GTINs are part of an internationally standardized system developed by GS1 that companies use to uniquely define products. The whole point of GTINs is to make sure that each one is unique and that no two products have the same GTIN. Because of this, all GTINs are managed and registered through GS1. Brands have to purchase GTINs for their products from GS1, they cannot assign themselves a GTIN (like they normally do with SKUs).
Every GS1-issued GTIN is registered in a database that’s owned by GS1 and that trade partners use to verify products. If a merchant makes up a GTIN, it won't match any in the GS1 database, which alerts the partner it's invalid. Even if a merchant tries to reuse a purchased GTIN for a discontinued product, it won't work. The database includes specific product information for each GTIN (e.g., flavour, size, colour), making it invalid for other products not originally assigned to it.
How to purchase GTINs from GS1
GTINs can either be purchased individually, or they can be purchased in bulk (i.e. licensed by GS1). Licensing GTINs lets you buy a bunch of GTINs in bulk so you have enough for your current product catalog and extras for when you introduce new products.
When licensing GTINs you also get what’s called a GS1 Company Prefix. A Company Prefix is a unique set of numbers at the beginning of each GTIN that identifies your company as the owner of a product. Only your company can use your Company Prefix, which makes it easier for trade partners and retailers to identify your products.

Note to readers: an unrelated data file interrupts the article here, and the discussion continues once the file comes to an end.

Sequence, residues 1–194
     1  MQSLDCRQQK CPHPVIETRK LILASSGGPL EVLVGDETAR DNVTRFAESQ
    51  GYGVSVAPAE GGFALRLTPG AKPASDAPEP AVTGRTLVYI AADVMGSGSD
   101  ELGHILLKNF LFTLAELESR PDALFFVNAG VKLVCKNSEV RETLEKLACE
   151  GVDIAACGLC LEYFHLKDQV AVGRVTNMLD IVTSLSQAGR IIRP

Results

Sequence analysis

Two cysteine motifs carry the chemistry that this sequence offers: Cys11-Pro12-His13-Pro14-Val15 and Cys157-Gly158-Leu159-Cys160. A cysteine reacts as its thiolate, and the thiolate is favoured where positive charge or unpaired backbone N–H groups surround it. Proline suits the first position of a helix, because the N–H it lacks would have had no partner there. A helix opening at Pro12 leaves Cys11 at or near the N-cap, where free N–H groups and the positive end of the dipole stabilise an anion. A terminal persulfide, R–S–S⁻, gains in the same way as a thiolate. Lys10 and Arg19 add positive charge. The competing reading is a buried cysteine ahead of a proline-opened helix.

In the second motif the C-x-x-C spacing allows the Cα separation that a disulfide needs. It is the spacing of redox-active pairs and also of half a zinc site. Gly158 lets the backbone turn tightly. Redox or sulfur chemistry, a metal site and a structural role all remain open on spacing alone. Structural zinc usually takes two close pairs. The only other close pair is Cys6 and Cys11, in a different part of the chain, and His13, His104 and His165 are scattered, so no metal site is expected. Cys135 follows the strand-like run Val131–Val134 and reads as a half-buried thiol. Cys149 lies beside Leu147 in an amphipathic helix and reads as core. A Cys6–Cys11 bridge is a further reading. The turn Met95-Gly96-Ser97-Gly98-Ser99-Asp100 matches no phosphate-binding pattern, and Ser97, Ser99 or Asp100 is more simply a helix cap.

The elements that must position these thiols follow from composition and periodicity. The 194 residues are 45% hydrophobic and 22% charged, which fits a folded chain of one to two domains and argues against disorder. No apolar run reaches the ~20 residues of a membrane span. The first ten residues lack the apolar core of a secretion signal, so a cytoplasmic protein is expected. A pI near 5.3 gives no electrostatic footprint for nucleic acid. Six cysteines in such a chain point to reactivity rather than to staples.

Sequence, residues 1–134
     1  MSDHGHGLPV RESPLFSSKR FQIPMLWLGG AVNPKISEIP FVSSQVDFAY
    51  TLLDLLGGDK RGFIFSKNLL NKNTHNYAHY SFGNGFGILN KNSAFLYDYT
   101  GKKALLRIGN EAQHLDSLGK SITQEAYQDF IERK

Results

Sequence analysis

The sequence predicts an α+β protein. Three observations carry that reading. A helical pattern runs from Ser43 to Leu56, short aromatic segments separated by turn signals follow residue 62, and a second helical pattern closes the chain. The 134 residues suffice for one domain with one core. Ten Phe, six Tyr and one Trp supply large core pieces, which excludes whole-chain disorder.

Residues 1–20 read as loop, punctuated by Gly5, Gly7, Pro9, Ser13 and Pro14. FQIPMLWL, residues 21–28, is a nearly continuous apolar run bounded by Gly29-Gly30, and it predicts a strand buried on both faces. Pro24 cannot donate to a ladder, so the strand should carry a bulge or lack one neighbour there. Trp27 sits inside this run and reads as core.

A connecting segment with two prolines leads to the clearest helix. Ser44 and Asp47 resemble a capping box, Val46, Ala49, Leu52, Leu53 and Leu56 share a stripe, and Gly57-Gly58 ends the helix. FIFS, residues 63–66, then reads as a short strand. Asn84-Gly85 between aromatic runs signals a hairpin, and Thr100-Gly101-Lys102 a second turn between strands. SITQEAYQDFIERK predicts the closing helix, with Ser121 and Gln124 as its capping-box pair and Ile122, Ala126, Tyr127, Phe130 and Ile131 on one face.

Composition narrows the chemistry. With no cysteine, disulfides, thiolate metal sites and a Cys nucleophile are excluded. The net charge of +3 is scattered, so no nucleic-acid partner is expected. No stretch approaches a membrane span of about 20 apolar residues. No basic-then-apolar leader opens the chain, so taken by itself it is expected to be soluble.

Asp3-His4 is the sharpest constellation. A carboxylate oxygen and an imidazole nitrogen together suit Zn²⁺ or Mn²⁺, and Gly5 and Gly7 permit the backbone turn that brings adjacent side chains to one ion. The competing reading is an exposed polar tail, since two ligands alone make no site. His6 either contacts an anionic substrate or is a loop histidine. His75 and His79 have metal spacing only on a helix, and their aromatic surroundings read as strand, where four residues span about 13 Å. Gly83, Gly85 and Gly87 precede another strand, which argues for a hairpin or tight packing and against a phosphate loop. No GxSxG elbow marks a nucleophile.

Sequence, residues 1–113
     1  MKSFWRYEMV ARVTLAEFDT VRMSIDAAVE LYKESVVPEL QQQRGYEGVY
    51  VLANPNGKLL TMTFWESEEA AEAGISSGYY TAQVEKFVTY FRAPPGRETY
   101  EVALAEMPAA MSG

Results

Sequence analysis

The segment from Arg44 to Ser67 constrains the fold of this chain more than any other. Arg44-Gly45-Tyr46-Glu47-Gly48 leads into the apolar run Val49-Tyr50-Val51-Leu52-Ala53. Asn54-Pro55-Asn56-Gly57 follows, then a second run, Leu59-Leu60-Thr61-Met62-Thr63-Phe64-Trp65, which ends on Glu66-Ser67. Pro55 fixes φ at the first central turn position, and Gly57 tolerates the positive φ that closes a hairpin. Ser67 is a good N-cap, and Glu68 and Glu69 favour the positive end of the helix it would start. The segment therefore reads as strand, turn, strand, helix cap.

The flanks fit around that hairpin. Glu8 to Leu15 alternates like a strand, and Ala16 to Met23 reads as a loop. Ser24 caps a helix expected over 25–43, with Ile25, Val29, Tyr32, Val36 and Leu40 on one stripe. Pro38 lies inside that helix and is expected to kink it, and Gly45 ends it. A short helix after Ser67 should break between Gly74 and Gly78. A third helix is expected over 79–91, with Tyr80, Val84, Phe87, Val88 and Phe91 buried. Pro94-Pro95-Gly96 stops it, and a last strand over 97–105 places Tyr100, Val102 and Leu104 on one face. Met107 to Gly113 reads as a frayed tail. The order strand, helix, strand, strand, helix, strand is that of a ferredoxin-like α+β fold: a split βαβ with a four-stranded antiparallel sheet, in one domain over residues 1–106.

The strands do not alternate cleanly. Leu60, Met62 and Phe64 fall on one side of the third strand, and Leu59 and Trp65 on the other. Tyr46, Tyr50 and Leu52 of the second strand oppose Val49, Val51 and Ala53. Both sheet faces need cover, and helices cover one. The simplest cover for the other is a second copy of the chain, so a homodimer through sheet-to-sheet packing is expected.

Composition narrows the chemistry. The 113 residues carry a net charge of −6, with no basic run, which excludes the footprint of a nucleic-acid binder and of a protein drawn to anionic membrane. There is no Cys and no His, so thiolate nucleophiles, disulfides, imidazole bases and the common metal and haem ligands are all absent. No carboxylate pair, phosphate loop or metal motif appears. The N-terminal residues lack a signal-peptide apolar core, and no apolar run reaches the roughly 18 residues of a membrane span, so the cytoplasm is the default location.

Choosing between Individual GTINs and Company Prefixes
In 2020, GS1 introduced the option to purchase single GTINs to support small businesses selling online. The choice to purchase individual GTINs vs. licensing GTINs comes down to how many products you have. Every product and product variant needs its own GTIN.
If you have between 1-9 products, it makes sense to purchase individual GTINs which cost $30 USD each and don’t have an annual renewal fee. When you have more than 9 products and plan to expand your product catalog, it can be more cost-efficient to use GS1 Company Prefixes. The cost of licensing 10 GTINs has an initial fee of $250 and requires an annual renewal fee of $150. The renewal fee prevents your Company Prefix from expiring and ensures your GTINs are valid.
You can see the pricing chart below, but the more products you have, the cheaper it gets to use Company Prefixes versus paying for individual GTINs.